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For several generations of young historians Felix Gilbert has been the preeminent scholar of premodern and modern Europe. He has written about the Renaissance, the art of diplomacy, the craft of history, and historical and political thought in ways that make history a humane discipline that places morals at the foundation of civilization.
All of Gilbert’s major works are infused with the idea that at every stage of endeavor man must make a choice and a commitment—that history is the story of the individual who acts and whose actions count. In this first collection of his essays, this theme is brilliantly elucidated, while, at the same time, Gilbert’s more important findings and trenchant reflections are presented.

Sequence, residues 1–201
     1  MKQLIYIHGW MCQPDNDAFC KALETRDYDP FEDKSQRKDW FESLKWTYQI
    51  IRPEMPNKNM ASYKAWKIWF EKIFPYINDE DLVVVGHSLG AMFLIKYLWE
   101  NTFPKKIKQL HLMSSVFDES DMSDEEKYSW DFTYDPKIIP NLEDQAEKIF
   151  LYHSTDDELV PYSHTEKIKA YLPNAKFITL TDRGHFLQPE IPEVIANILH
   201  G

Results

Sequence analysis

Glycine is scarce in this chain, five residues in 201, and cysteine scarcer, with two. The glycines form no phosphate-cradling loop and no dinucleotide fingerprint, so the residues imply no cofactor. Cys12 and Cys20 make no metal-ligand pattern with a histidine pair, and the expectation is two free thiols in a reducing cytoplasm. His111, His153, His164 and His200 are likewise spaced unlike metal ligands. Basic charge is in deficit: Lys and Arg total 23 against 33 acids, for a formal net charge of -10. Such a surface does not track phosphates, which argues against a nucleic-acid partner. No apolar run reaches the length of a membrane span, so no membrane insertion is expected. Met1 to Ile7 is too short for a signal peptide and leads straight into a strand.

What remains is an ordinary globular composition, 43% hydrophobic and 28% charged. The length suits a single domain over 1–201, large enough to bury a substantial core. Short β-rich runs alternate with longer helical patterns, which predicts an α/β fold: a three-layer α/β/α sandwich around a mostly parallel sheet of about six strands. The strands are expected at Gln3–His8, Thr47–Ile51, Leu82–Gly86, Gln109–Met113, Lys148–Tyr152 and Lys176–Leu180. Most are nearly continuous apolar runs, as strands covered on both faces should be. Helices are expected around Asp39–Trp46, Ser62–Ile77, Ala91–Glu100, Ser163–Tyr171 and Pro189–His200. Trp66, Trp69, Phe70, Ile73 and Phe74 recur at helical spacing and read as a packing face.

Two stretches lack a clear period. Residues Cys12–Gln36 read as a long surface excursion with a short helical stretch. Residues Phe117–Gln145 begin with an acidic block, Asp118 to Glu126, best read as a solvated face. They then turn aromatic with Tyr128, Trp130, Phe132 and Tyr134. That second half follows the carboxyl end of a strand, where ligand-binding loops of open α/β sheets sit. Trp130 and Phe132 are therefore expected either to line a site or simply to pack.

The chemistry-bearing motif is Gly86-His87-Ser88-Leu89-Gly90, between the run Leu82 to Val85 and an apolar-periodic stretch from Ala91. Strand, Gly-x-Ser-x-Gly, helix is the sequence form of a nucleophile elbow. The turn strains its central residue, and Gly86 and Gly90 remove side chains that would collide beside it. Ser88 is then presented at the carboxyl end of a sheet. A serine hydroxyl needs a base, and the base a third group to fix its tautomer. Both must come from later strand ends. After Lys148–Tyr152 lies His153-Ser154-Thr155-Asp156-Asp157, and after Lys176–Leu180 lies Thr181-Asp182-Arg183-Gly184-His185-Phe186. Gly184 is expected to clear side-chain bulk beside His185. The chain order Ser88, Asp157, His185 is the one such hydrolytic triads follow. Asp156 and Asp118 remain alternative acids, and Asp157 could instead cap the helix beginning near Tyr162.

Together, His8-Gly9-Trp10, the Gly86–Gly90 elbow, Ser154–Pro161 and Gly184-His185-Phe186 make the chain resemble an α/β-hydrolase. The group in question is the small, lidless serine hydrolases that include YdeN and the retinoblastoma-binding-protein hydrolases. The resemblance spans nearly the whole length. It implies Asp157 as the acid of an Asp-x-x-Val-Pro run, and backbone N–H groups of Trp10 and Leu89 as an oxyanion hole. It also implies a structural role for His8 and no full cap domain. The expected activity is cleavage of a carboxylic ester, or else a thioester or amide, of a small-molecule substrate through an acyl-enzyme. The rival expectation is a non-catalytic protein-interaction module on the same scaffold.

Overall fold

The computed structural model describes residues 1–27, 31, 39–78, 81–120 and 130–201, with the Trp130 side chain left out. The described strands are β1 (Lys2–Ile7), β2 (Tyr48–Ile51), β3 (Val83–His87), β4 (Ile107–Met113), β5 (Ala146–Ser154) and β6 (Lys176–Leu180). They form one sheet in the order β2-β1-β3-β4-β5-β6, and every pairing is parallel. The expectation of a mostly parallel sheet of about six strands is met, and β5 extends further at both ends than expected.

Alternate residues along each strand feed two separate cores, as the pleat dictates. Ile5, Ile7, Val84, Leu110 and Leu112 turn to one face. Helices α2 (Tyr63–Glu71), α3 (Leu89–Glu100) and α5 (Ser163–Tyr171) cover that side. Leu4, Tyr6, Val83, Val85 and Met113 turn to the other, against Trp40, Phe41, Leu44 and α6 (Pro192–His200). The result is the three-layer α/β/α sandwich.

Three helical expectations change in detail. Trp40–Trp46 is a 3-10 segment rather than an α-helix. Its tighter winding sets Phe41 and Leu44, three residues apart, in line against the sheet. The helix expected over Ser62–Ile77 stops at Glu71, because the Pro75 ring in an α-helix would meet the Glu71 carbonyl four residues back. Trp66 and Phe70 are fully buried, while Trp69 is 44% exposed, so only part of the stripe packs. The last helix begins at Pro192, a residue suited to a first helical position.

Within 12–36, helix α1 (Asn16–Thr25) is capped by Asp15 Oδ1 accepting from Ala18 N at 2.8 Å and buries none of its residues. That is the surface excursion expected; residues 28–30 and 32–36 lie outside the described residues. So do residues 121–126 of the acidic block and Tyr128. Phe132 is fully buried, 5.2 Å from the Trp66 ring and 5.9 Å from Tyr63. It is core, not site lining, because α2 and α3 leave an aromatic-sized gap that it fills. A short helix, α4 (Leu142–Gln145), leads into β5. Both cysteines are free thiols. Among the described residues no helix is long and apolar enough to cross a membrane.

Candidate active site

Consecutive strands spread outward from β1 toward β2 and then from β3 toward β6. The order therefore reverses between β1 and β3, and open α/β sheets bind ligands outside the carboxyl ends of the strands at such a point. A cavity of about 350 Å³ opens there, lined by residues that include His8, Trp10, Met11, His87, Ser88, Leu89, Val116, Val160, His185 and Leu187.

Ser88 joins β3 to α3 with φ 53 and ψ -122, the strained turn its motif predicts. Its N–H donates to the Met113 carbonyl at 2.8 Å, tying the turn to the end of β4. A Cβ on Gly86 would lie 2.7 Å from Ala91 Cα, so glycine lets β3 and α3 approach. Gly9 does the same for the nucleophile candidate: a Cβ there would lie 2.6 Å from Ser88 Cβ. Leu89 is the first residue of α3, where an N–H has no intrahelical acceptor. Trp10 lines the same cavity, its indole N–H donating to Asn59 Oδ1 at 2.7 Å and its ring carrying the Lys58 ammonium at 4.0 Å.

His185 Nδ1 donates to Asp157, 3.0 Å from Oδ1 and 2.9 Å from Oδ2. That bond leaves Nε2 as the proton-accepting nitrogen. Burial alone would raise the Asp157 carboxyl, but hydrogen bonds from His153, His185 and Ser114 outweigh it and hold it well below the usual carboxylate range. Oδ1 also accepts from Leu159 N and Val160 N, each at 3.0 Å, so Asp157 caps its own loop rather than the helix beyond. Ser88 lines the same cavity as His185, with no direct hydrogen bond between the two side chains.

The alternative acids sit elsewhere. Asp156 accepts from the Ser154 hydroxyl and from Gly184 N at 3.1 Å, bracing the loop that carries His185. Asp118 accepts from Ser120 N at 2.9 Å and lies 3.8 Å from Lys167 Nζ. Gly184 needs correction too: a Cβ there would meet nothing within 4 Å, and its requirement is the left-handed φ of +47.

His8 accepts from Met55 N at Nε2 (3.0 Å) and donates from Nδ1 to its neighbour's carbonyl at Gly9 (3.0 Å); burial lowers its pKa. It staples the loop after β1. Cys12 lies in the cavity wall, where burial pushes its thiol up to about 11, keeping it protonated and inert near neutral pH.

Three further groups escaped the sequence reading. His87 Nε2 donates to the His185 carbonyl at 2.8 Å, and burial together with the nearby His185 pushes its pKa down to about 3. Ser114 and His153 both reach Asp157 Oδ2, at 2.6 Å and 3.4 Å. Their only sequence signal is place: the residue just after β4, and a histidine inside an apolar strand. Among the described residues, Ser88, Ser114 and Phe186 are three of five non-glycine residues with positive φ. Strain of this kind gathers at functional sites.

Gilbert is a master of the essay form, and these studies are among his best works. Some have never been published, a few have been translated from German; all are included here because of their pathmarking nature and remarkable clarity. The book contains essays on Droysen, Hintze, and Meinecke, historians who influenced Gilbert’s formative years. There are his Italian studies—of Machiavelli, Venice, Florence, and personages like Guicciardini and Contarini—and his writings on diplomacy in the sixteenth century in Italy, in the eighteenth century in the United States, and in Fascist Italy demonstrate the keen contrasts between the old and new. The book concludes with a group of essays in which Gilbert reflects on the historian’s craft and the problems of history.
This book gives abundant evidence of the vitality of history and its utility for men of affairs who are often skeptical of history’s value. It will be essential reading for those who want to know how a foremost historian tackles large problems and reaches conclusions based on reason and evidence.